Harpist Tori Handsley is a prominent sideperson on London's alternative jazz scene.She has worked with reed player Shabaka Hutchings, tenor saxophonist Nubya Garcia and keyboard player Nikki Yeoh among other luminaries. She is perhaps best known for her contributions to two albums by Binker and Moses, the ferocious semi-free duo led by tenor saxophonist Binker Golding and drummer Moses Boyd. Handsley is a featured guest on the group's landmark albums Journey To The Mountain Of Forever (Gearbox, 2017) and Alive In The East? (Gearbox, 2018).
Not before time, Handsley gets to make her own-name debut on As We Stand. She leads a trio featuring Moses Boyd and Melt Yourself Down bassist Ruth Goller. It is a harp-led album with a difference, liberated from the instrument's soft-focus stereotype. Clue: a sleeve photo with attitude. Clue: the presence of Boyd and Goller, two musicians capable of ripping the nose clean off your face. But the album is no knuckle-scraping thrash either. It has delicacy and nuance to match its grit and sinew.
There are some resonances here with the recordings US harpist Brandee Younger has made with drummer Makaya McCraven, who has recorded with Shabaka Hutchings, Nubya Garcia and other Londoners. But As We Stand chimes most strongly with the work of Guinean kora player Ba Cissoko, whose Electric Griot Land (Totolo, 2006) plugged in the acoustic West African harp, added some effects pedals, and dramatically extended the instrument's palette. In the process, Cissoko took care not to throw the baby out with the bathwater. Handsley is similarly mindful: As We Stand is not a refutation of Dorothy Ashby or Alice Coltrane's legacies but an extension of them.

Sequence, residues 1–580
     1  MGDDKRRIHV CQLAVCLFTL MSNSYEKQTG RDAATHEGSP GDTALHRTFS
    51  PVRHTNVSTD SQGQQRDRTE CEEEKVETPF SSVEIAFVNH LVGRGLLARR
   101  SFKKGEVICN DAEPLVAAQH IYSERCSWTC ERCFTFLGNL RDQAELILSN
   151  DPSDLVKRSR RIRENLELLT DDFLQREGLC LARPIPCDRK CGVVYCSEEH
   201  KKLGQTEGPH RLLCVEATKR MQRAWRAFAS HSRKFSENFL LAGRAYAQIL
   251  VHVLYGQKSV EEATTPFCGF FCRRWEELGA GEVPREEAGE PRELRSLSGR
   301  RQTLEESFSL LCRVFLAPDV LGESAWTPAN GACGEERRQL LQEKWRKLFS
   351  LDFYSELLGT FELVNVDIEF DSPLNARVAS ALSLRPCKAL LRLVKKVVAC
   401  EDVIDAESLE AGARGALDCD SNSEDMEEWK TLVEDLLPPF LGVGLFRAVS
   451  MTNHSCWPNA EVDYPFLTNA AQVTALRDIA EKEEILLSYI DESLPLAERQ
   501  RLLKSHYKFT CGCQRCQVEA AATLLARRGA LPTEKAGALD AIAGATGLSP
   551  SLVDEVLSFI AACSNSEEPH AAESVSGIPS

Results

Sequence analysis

At the risk of labouring the Coltrane connection, As We Stand's conceptual themethe existential crisis humankind has created for itself by damaging the environmentcan also be seen as an extension of Coltrane's legacy. While it is perilous to ascribe actions and opinions to people who are no longer with us, Coltrane in 2020 would likely be foregrounding environmental concerns along with spiritual ones. And equally likely, she would enjoy the modern spin Handsley is bringing to the harp.
Rivers of Mind; Convolution; Polar Retreat; Out of Sight, Out of Mind; Home; Settling into the Sun; Intwination; As We Stand; Kestrel; What's in a Tune.
All About Jazz has been a pillar of jazz since 1995, championing it as an art form and, more importantly, supporting the musicians who create it. Our enduring commitment has made "AAJ" one of the most culturally important websites of its kind, read by hundreds of thousands of fans, musicians and industry figures every month.
WE NEED YOUR HELP
To expand our coverage even further and develop new means to foster jazz discovery and connectivity we need your help. You can become a sustaining member for a modest $20 and in return, we'll immediately hide those pesky ads plus provide access to future articles for a full year. This winning combination will vastly improve your AAJ experience and allow us to vigorously build on the pioneering work we first started in 1995. So enjoy an ad-free AAJ experience and help us remain a positive beacon for jazz by making a donation today.
In addition to writing and editing for All About Jazz, Chris is editor of the British style/culture/history magazine Jocks&Nerds and consultant Afrobeat historian for Google Arts & Culture and Partisan/Knitting Factory Records.